Airstrikes by Myanmar’s military yesterday killed at least 50 people, including small children, who were attending a ceremony held by opponents of the military junta in the center of the country.
According to The Associated Press, a fighter jet dropped bombs directly into a crowd of people who were gathering at around 8 a.m. for the opening of a local office of the country’s opposition National Unity Government (NUG) outside Pazigyi village in Sagaing Region’s Kanbalu township. The village is located about 110 kilometers north of Mandalay, Myanmar’s second-largest city.
In an emailed statement yesterday, the NUG said that at 8 a.m. local time, “junta jets and helicopters began bombing and strafing machine gun fire at a large civilian gathering in Pazigyi village of Kanbalu Township.” It added that the death toll currently stood at 53, but that “the appalling number of persons wounded is still being determined” and that “early casualty accounts are expected to rise.” Some accounts in local media put the death toll as high as 100.
In videos of the devastated village described by the AP, “survivors and onlookers stumble through the area of the attack amid clouds of thick smoke, with only the skeleton frame of one building still standing in the distance.” It added, “Another victim lay face down in a small grove by the roadside. A few meters away, a small torso missing at least one limb could be seen.”
“I stood petrified as I saw bodies that were spread on the ground,” The Irrawaddy quoted one local resident as saying. “Motorbikes were burning and the house was also completely destroyed by the bombardment. People were crying as they were looking for their relatives.”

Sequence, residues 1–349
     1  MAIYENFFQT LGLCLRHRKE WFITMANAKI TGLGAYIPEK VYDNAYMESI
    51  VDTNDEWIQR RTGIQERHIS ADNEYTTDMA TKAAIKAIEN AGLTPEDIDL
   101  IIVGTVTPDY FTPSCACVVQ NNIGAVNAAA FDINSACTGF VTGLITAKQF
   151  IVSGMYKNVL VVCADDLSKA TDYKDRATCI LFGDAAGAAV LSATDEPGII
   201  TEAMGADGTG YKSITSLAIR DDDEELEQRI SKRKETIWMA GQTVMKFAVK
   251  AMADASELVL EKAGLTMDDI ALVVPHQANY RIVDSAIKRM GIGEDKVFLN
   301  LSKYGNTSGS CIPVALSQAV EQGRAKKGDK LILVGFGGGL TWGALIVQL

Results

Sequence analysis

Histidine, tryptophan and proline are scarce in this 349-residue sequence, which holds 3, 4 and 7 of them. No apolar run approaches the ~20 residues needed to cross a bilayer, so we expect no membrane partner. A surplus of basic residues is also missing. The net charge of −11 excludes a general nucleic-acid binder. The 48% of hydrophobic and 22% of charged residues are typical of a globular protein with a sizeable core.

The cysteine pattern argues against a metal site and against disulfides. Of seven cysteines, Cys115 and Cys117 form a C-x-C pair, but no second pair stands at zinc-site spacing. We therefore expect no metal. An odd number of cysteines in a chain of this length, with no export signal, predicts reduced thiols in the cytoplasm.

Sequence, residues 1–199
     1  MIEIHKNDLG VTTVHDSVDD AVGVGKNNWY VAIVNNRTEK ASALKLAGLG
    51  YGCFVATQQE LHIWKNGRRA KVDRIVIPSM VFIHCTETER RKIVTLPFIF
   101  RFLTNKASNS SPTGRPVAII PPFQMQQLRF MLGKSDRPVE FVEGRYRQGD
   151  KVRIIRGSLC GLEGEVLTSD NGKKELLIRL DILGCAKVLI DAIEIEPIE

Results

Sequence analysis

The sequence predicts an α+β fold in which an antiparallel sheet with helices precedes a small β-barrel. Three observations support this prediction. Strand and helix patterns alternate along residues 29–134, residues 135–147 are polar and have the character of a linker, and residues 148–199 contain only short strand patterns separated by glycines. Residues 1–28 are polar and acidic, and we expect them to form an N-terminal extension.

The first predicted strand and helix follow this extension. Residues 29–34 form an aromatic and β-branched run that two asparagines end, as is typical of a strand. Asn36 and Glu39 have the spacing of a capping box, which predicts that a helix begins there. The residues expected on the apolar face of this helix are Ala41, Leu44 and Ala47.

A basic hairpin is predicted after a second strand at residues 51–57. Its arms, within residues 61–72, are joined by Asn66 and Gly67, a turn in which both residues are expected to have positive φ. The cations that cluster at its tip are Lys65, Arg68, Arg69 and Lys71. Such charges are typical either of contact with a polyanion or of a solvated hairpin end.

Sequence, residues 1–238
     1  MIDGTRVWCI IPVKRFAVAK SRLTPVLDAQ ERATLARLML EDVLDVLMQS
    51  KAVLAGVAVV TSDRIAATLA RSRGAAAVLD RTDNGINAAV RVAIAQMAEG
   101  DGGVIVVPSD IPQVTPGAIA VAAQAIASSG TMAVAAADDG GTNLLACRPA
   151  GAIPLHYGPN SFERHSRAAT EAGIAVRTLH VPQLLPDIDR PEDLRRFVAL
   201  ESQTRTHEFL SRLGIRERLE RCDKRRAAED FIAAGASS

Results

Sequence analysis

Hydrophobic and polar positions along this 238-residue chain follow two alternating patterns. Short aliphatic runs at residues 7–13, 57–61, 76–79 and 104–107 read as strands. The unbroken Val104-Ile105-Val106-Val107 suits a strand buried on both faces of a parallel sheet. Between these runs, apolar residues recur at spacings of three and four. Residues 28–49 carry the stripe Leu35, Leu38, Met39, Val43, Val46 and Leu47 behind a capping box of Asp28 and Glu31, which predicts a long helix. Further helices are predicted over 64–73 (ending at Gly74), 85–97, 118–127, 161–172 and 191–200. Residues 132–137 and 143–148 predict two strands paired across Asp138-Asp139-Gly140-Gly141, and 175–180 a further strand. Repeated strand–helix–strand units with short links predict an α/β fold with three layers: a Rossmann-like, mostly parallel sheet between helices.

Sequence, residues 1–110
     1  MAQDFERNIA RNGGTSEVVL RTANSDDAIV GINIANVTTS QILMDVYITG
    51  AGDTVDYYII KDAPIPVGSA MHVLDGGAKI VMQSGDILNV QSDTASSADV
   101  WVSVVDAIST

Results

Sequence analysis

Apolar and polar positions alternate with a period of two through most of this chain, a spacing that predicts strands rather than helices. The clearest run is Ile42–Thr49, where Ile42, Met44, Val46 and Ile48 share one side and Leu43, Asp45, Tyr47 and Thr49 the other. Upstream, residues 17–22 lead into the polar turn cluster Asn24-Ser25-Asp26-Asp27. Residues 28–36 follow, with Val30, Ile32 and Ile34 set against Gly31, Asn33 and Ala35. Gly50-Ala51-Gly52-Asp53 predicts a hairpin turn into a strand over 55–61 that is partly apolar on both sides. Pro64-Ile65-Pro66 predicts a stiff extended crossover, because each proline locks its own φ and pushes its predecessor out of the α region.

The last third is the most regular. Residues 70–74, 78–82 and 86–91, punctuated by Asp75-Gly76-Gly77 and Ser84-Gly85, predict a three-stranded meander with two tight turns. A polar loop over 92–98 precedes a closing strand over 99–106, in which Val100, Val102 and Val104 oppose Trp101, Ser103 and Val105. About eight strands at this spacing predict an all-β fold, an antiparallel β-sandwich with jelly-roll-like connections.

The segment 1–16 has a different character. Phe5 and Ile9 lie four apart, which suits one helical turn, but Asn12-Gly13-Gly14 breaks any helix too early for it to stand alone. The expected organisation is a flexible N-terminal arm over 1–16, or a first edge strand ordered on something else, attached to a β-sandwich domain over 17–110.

The attack is one the deadliest air assaults to have taken place since the military coup of 2021, next to the bombing last October of a concert in Kachin State in the country’s north, which was reported to have killed at least 80 people.
More than two years after seizing power in a coup, the military junta led by Senior Gen. Min Aung Hlaing has struggled to put down the national armed struggle against military rule. As a result, it has come to rely more heavily on its advantage in heavy firepower, deploying its air force against civilian targets and resistance strongholds in the north and east of the country. In a report released last month, the United Nations Human Rights Office for Myanmar said that the air force launched 301 air strikes in the second year of junta rule, up from 125 during its first year.
Sagaing Region, which sits in the northwestern quadrant of Myanmar’s previously quiescent central dry plain, has become a particular locus of anti-regime resistance, and has subsequently borne the greatest weight of repression. According to the U.N., Sagaing has seen the most killings of any state or region in Myanmar – 1,200 during the two years after the coup – and has been the most affected by arson attacks, with more than 25,500 homes razed by the military.
The junta’s increasing resort to airstrikes has led to a rising chorus of demands for foreign powers to choke off the complex and attenuated global supply chains through which the Myanmar air force obtains the aviation fuel to fund its campaign of airborne terror.
“The relentless air attacks across Myanmar highlight the urgent need to suspend the import of aviation fuel,” Amnesty International’s Business and Human Rights Researcher Montse Ferrer said in a statement. “Amnesty reiterates its calls on all states and businesses to stop shipments that may end up in the hands of the Myanmar Air Force. This supply chain fuels violations of international humanitarian law, including war crimes, and it must be disrupted in order to save lives.”
Late last year, Amnesty co-authored a report that documented how shipments from foreign firms have helped keep Myanmar’s air force in the sky, with some supplies intended for civilian use being diverted on arrival in the country.
But while Western governments have taken some steps to stem the flow of aviation fuel, including the imposition of sanctions on companies involved in its supply, the lack of international unity over Myanmar has ensured that the supplies continue to flow, with devastating consequences.